Freedom is Telling the Story by Carol Teitlebaum

step 12 magazine trauma

The first step in healing from Childhood Sexual Abuse is using your voice. It starts with saying these words out loud for the first time: “I was sexually abused by…” to a person or persons (group) where there is no shaming, no doubtful questions, nobody asking if you are sure. Once abuse is talked about, the secret is out. The most frequent harm experienced by survivors of sexual abuse is the lack of trust and the heavy burden of shame. This is a tricky time; some men dump and run. In other words, they build up the courage to tell someone, then panic and never come back, only to bury the shame again or act it out, using drugs and/or alcohol, compulsive masturbation, porn, gambling, eating, or spending money. You name it, the trigger hits and off they go. No one likes the feeling of shame; it feels terrible, as though you are the most defective person on the planet.

Freedom from shame; is it possible to be truly free from shame? For the most part, yes, it is. That being said, it does not mean a man won’t get triggered sometimes, but there are tools to learn to get back to the present and reassure him that the negative message in his head is not true and he can then reinforce his positive qualities. Shame comes from the boy feeling he should have been able to stop the abuse, or never let it happen in the first place. Men have told me the abuse was their fault even though they were only six when it happened. Why do men blame themselves for being sexually abused? How could a six year old defend himself against a grown man? Men are constantly told that to be a real man they have to buck up, don’t cry, don’t act like a girl, don’t ever be weak and protect their siblings and themselves, and now let’s add: be prepared to die for your country. Put all this together and boys, with these words and ideas going around in their heads, feel like they must have somehow caused the abuse to happen.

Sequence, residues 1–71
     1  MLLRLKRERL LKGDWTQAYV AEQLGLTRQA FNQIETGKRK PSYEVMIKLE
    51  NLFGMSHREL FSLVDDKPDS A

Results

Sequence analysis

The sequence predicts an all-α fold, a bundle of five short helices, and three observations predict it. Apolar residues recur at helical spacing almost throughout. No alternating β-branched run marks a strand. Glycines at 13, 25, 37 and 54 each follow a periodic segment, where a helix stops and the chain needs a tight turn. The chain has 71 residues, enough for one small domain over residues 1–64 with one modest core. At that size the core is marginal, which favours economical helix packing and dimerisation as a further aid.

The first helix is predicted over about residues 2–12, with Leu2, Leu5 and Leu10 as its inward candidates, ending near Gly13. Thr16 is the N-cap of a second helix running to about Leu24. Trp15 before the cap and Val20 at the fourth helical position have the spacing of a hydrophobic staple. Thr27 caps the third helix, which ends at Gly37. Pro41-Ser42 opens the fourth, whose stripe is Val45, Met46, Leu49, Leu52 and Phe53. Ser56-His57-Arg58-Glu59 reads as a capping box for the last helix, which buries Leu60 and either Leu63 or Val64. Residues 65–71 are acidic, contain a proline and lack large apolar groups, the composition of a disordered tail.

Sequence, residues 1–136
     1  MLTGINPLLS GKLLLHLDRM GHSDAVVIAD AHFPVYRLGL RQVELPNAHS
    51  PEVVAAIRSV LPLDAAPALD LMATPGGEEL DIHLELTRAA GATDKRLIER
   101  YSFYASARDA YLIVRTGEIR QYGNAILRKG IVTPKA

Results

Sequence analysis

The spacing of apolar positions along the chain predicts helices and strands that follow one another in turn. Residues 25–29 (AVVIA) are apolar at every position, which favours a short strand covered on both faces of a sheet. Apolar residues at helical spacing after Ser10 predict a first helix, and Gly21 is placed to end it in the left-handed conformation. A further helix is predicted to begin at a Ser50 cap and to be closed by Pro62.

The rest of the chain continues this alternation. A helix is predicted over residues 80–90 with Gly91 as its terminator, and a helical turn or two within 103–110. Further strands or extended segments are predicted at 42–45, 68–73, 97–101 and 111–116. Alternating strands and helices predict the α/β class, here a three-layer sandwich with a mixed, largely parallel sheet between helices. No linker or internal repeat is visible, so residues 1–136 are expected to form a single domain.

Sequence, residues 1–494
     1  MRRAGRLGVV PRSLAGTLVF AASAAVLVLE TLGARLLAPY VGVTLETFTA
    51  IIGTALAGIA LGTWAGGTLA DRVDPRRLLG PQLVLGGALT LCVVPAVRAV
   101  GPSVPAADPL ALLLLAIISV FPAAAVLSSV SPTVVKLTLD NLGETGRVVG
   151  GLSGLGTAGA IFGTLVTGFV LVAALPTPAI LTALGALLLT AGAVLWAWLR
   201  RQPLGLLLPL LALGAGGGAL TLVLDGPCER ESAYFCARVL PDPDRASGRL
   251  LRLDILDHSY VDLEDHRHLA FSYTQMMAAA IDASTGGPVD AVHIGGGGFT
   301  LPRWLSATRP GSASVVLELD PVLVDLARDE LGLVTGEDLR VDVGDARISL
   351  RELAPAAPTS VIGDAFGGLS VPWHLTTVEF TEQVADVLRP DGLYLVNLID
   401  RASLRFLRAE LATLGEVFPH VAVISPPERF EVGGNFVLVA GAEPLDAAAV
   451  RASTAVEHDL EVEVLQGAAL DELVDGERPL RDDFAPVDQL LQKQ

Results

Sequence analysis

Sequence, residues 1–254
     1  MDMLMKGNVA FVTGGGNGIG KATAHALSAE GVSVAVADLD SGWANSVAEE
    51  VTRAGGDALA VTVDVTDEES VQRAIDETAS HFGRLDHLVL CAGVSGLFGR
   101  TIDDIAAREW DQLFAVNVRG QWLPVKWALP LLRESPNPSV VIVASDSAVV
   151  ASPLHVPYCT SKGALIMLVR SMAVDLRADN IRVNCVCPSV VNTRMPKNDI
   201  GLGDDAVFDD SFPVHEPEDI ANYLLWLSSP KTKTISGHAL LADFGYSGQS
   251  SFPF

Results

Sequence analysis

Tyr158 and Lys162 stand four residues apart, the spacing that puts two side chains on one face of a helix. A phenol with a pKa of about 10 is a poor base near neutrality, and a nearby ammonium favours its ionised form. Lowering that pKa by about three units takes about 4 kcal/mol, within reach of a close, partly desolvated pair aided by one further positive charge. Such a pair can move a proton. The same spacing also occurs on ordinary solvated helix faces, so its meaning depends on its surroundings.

Our society is just beginning to awaken to the truth, just beginning. I still hear these phrases all the time. “ Men just get over it” “It happened so long ago, why should it affect me now” “It was my fault” and even “How can a boy be sexually abused?” It wouldn’t be so bad if I didn’t hear these words from some mental health workers as well. The statistics are one in three girls and one in four boys will be sexually abused by the age of eighteen. Why are we, as a society, not up in arms about this? Is it because no one wants to talk about it, or face the truth that we are failing our children?

Once a survivor speaks up, and gets validation from a group of men who have been through the same issues, he feels like there is hope. In our group of male survivors when a new man joins the group he usually says, “I thought I was the only one this happened to.” Newcomers are surprised to see that they are not alone. What happens next is that the men in our group become brothers, they support each other, encourage each other to do their work, and collaborate on difficult issues. It is heartwarming to see.

Freedom comes from telling your story, being validated that you are not alone, and working on ways to heal. Healing modalities include individual and group therapy, reading, journaling, inner family dialog work, psychodrama, and inner child work.

Some helpful websites include:,,,,,

Our Ninth Annual It Happens to Boys Conference will be on 24 March, 2017 at the Westin Hotel, Austin, Texas. We are excited to partner with the Arbor to bring to the community quality education about helping men who have been abused.

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